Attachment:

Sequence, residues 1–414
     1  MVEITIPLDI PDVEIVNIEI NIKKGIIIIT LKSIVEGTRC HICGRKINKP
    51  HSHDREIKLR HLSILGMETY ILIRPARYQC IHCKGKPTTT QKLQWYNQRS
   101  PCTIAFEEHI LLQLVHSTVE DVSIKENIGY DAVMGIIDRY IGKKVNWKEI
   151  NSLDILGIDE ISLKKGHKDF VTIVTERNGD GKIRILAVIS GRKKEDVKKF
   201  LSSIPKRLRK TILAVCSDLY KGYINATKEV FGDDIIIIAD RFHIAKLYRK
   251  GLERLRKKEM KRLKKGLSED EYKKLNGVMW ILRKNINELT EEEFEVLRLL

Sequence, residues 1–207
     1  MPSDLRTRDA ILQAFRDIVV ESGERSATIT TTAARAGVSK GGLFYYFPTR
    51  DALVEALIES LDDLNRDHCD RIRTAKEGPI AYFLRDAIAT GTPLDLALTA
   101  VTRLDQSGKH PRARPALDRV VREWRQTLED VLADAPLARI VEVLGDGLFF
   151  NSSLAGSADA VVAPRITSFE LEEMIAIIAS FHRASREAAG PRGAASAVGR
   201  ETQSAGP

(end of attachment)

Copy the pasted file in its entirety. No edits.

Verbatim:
Sequence, residues 1–414
     1  MVEITIPLDI PDVEIVNIEI NIKKGIIIIT LKSIVEGTRC HICGRKINKP
    51  HSHDREIKLR HLSILGMETY ILIRPARYQC IHCKGKPTTT QKLQWYNQRS
   101  PCTIAFEEHI LLQLVHSTVE DVSIKENIGY DAVMGIIDRY IGKKVNWKEI
   151  NSLDILGIDE ISLKKGHKDF VTIVTERNGD GKIRILAVIS GRKKEDVKKF
   201  LSSIPKRLRK TILAVCSDLY KGYINATKEV FGDDIIIIAD RFHIAKLYRK
   251  GLERLRKKEM KRLKKGLSED EYKKLNGVMW ILRKNINELT EEEFEVLRLL

Sequence, residues 1–207
     1  MPSDLRTRDA ILQAFRDIVV ESGERSATIT TTAARAGVSK GGLFYYFPTR
    51  DALVEALIES LDDLNRDHCD RIRTAKEGPI AYFLRDAIAT GTPLDLALTA
   101  VTRLDQSGKH PRARPALDRV VREWRQTLED VLADAPLARI VEVLGDGLFF
   151  NSSLAGSADA VVAPRITSFE LEEMIAIIAS FHRASREAAG PRGAASAVGR
   201  ETQSAGP